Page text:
Page 45 Review by Stephen
Haha! Once again I issue the dire warning:
THIS BOOK IS NOT SUITABLE FOR YOUNG ONES!
Oh, it looks as though it should be since it is indeed an interactive Choose Your Own Adventure story and stars yourself as a cute kitten.
I explain all and at great length in my review of YOU ARE A CAT! PICK A PLOT BOOK 1 which is still in print and in stock at the time of typing. You can view this as its prequel if you like, though in order to do so you're going to have to survive this experience and you may find the odds stacked against you.
Remember: there are terrible people in this world! You are about to encounter some.
Just like your childhood favourites, this is illustrated prose. But there is a comicbook equivalent in the form of Jason Shiga's ingenious MEANWHILE which is suitable for all ages. Its panels are linked together in a Spaghetti Junction of tubes which take you back and forth throughout the book using the tabs that stick out from its laminated pages leading almost inevitably towards Doomsday. "3,856 story possibilities" declares the front cover, but only one road leads to happiness. Which is a poor reflection on life and not something you should tell small children.
This kicks off with an evocation of your first bleary-eyed experiences of the world, the initial sensations of your siblings huddled together and being licked in turn by your mother's tongue. Accompanied by an illustration seen from your own blurred point of view, it's beautifully written, placing you firmly in your new, soft-padded, fluffy paws.
"You cry out again. Your voice is a dull, inchoate noise mingling with the low-level buzz.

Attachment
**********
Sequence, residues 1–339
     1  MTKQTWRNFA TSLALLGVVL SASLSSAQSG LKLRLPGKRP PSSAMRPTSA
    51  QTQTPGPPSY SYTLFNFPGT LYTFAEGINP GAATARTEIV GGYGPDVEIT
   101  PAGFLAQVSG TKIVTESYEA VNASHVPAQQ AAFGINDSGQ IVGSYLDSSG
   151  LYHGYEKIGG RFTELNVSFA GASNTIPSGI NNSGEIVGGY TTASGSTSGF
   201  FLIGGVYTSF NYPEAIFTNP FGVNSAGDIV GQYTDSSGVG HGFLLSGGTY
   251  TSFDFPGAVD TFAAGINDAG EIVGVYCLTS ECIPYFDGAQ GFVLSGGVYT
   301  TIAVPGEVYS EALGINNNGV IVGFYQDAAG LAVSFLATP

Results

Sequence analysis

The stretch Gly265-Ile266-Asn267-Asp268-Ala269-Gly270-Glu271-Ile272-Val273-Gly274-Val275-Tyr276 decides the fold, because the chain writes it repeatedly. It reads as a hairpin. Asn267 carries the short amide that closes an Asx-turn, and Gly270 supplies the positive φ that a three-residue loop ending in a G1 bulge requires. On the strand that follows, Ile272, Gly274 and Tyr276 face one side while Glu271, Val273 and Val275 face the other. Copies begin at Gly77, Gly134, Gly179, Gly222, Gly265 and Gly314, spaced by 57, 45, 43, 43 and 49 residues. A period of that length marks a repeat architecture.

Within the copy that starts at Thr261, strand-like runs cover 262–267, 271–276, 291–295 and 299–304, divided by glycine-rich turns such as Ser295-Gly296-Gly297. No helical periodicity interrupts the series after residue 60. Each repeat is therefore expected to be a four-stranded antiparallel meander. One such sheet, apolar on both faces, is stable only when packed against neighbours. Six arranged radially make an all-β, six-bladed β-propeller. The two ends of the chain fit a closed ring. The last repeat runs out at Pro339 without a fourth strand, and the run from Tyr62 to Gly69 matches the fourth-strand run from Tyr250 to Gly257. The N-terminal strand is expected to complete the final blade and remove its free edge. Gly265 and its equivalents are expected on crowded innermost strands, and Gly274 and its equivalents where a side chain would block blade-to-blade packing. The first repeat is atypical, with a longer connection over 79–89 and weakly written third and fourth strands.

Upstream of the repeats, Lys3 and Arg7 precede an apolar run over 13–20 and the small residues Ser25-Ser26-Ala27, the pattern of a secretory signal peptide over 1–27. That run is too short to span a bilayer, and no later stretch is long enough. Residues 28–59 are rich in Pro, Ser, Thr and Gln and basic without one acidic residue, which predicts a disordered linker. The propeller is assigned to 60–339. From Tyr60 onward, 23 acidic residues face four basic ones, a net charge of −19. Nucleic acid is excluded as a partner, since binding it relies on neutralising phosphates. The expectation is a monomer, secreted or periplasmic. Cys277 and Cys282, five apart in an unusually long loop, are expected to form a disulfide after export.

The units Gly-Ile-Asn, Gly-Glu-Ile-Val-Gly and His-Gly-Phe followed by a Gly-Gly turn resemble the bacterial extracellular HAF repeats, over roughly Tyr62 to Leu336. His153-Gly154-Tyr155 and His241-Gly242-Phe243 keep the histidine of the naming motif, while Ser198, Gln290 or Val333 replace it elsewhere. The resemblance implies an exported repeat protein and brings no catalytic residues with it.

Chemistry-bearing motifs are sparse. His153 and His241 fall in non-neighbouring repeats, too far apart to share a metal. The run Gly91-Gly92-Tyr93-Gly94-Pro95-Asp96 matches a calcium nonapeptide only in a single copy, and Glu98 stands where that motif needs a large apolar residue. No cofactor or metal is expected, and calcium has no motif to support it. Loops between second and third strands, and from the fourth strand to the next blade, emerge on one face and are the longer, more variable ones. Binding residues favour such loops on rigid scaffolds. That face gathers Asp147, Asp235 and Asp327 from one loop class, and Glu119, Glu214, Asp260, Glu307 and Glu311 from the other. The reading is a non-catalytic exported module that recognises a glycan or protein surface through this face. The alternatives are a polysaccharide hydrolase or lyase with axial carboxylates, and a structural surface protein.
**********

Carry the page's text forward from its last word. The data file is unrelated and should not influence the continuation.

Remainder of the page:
"After a while it's not so cold anymore. Something large and warm is close by, radiating heat, and you move towards it. You are aware of other bodies, also warm, also moving around you. You follow a deeply satisfying smell toward her.
"Under her fur, the soothing lub-dub of her heart pulsing against your face. The rhythm is a faint echo of the same beat that used to surround you, that was your whole world. It feels so far off now."
It's going to feel a lot further off very shortly.
Not all kittens in a litter are wanted, and not all couples owning cats should do so.
I can't bear to break your hearts by continuing so instead I turn to Tija's feature in the back: a guide to creating your own interactive adventure which is a great deal more complicated than it looks. The good news is that Sherwin has already written three so he's encountered the logistical nightmare which is assigning page numbers etc and solved it.
Equally as important is remembering that these interactive adventures at their best are "empathy machines": you're placed in someone else's shoes - those who may face difficult choices - and some may really make you think. Thinking about those choices when creating them is vital: offer obvious ones, advises Tija, and their opposites. "Then offer the offbeat and the outlandish." Sherwin is a master of subverting expectations as you may have gathered by now! "Try to offer choices that would appeal to different personality types."
Too many strands will leave you with an unwieldy 3,000-page epic, so "funnelling is your friend". Astutely he compares the mapping to capillaries in your body rather than the almost infinite branching of trees, for capillaries leave its arteries, divide further as they supply your muscles etc with oxygen and nutrients (possibly - it's over three decades since I studied Biology A Level) then regroup and rejoin the main flow as veins.
Also advised are options to jump from one strand of the story to another at intervals; cautioned against to avoid reader frustration is the "try and die" experience. What I'd never thought about are orphan pages: the mischievous incorporation of excerpts which no roads lead to at all!
At eight pages in relatively small print, the guide is far more detailed than I've room to go into here and could lead to some exceptionally fun school projects. Just not the main body of work. Oh my days, no!